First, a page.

Yet I detect more tribalism, thanks to my recent flame wars over Cuphead. Some traditionalists worry that the distinction between gamers and non-gamers is melting away, giving way to a world where just about everybody plays games. I’ve heard them say that it will lead to dumbed-down games that aren’t fun for the hardcore. But they’ve got their difficult-game revival going, thanks to titles like Dark Souls. The success of Dark Souls is leading to more games that are like it. A certain tribal group feels like they should draw the line and say, “These are real games. Play these. Get good at them, and ignore other stuff.”
That’s a bit of an imaginary conversation, but it feels like a mirror of our political divisions. The country has become divided over our leadership, and the politics of division always seem to win out over the politics of unity. In my own ways, I have been tribal because I love certain genres so much. I used to worry that some of my favorite genres, like historically accurate war strategy games and flight simulators were going the way of the dodo. But it’s wonderful to see new kinds of strategy games like Mario + Rabbids: Kingdom Battle on the Nintendo Switch. This allowed me to let go of my old fear.
As a sometime tribalist myself, I detect some people are frustrated that the hardcore gamers are somehow being forgotten or left behind. They feel outnumbered, and they want the attention to come back to their sector. But they shouldn’t have to worry. Gaming is a Darwinistic industry. The best rises to the top. Just because one type of game is growing, it doesn’t mean that another one has to fall by the wayside. As more gamers come online and more people around the world become gamers, the industry can support more games in the market at any given time.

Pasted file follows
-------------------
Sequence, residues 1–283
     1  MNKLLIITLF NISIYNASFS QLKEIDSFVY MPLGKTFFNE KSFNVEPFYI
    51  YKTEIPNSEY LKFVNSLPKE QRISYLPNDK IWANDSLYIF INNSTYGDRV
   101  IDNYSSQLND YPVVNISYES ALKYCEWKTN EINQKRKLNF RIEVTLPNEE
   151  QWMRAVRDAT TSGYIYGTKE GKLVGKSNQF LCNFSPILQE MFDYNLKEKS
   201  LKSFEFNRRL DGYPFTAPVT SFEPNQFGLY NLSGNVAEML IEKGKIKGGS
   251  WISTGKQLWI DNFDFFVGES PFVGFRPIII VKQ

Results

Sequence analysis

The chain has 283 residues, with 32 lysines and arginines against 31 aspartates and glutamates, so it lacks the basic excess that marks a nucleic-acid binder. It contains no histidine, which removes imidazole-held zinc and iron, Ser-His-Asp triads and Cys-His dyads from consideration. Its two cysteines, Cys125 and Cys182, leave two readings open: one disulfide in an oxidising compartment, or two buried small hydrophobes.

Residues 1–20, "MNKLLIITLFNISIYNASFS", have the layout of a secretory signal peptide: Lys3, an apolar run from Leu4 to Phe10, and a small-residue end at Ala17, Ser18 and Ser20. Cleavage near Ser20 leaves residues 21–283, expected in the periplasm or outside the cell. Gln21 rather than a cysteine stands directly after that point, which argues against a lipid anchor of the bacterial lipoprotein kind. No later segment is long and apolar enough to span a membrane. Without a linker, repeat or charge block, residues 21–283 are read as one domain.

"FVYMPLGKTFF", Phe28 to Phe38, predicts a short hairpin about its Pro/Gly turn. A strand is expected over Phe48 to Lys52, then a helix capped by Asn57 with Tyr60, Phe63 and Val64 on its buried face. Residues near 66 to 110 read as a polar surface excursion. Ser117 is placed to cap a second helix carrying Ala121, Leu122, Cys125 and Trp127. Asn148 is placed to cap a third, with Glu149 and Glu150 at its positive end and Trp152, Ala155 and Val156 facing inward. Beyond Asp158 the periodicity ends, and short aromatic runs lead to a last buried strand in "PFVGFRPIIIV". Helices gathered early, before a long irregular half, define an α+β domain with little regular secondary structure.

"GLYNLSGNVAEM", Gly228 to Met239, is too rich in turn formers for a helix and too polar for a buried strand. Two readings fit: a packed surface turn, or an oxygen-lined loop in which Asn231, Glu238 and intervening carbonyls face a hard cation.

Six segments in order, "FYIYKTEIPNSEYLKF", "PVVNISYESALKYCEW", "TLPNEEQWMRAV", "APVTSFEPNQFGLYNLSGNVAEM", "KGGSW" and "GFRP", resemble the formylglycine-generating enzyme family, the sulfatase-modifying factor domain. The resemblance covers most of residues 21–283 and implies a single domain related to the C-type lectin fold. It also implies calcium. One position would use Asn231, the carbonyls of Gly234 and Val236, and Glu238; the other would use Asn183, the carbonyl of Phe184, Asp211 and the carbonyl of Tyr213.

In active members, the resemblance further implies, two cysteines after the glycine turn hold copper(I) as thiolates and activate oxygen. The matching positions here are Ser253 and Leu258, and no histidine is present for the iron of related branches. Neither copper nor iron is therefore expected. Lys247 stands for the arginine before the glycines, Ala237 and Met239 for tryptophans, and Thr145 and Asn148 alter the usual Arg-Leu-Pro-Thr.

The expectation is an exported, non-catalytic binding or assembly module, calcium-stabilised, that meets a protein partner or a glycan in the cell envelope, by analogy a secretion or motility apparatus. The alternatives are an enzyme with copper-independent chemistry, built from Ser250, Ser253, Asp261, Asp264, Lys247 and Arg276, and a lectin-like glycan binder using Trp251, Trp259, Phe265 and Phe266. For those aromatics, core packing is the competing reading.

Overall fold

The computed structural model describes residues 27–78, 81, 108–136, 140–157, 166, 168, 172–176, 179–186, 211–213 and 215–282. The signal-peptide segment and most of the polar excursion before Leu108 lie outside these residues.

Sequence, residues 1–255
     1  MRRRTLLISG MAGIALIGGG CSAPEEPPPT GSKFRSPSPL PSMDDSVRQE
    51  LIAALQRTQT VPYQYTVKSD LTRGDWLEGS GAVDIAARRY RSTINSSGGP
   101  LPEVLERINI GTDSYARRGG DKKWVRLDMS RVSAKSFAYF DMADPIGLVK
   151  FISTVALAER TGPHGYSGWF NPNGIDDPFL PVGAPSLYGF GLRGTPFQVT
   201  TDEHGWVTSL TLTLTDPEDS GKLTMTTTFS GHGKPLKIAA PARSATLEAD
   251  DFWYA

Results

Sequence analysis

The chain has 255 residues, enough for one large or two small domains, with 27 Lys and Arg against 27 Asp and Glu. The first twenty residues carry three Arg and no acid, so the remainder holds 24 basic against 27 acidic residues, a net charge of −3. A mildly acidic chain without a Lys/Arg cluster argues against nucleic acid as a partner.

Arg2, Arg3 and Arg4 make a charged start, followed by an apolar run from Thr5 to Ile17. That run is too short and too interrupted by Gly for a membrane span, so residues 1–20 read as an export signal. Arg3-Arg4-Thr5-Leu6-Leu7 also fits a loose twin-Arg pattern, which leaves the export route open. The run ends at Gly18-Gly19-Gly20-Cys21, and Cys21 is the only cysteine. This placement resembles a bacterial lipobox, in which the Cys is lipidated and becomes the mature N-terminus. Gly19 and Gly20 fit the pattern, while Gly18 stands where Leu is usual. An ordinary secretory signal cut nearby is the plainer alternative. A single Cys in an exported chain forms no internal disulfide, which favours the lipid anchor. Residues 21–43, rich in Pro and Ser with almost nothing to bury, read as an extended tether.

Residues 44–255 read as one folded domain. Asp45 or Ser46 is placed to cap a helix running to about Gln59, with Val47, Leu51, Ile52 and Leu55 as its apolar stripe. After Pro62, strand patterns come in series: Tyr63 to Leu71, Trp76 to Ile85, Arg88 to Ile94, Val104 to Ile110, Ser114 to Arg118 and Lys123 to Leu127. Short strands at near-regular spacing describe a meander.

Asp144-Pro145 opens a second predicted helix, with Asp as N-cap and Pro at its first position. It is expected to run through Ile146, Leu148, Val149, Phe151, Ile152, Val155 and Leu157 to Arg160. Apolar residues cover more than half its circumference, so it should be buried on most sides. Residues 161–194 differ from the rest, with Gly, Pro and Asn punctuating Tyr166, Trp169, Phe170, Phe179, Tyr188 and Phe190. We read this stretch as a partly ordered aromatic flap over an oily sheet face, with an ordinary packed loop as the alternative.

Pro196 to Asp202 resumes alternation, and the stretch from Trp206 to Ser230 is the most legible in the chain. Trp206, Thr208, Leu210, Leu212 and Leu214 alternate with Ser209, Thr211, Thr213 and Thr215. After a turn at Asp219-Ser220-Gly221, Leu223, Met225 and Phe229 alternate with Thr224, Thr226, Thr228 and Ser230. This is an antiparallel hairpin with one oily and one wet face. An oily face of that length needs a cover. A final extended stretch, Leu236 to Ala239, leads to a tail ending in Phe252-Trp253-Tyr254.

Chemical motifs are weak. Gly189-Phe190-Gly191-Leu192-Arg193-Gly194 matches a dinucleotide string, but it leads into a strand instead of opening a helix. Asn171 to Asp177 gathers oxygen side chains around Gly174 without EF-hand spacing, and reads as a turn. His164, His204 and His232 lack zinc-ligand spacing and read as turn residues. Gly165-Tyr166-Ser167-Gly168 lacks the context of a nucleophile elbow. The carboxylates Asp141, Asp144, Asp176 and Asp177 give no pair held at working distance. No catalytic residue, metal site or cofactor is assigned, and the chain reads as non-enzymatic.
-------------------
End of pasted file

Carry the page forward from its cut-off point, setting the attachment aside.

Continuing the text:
Yes, we do have a ridiculous number of games in the market. But we shouldn’t have to worry that our type of game is going to disappear. Competition will demand that we as customers should be served, and developers who spot the opportunity to serve a market will do so, regardless of what is hot at the time. We all like a certain kind of game, and liking it makes us feel like we belong to a group.
If more people become gamers, more people will buy games. Developers will have more money, and they will have the ability to make even better games for the hardcore crowd. That’s why we should welcome new gamers and make them feel at home. Every now and then, a Rockstar game like Grand Theft Auto V will come out and bring the hardcore and the casual together, resulting in a true blockbuster. But that’s a rare event.
To me, we’re all one world of gamers, and we have no reason to look down on one another. We all have different tastes in games, and different reasons to play. I love this idea, and that’s why I love the Sony commercials about gamers in this story’s images. Sometimes in our lives, we can sink dozens of hours into a great game. And some days, it seems like all we have time for is a quick game on a mobile phone. During different parts of our lives, we are different kinds of gamers — all within the same person. At times, I’m a console gamer, a PC gamer, a mobile gamer etc.
We’ve got such a diversity of product, made by a diversity of people. And the more diverse, the better. Hey, maybe it’s never going to feel like The Wonderful World of Disney again, because we have so much tribalism. But gaming is in a good place, and it’s getting better. As a gamer, I embrace all games.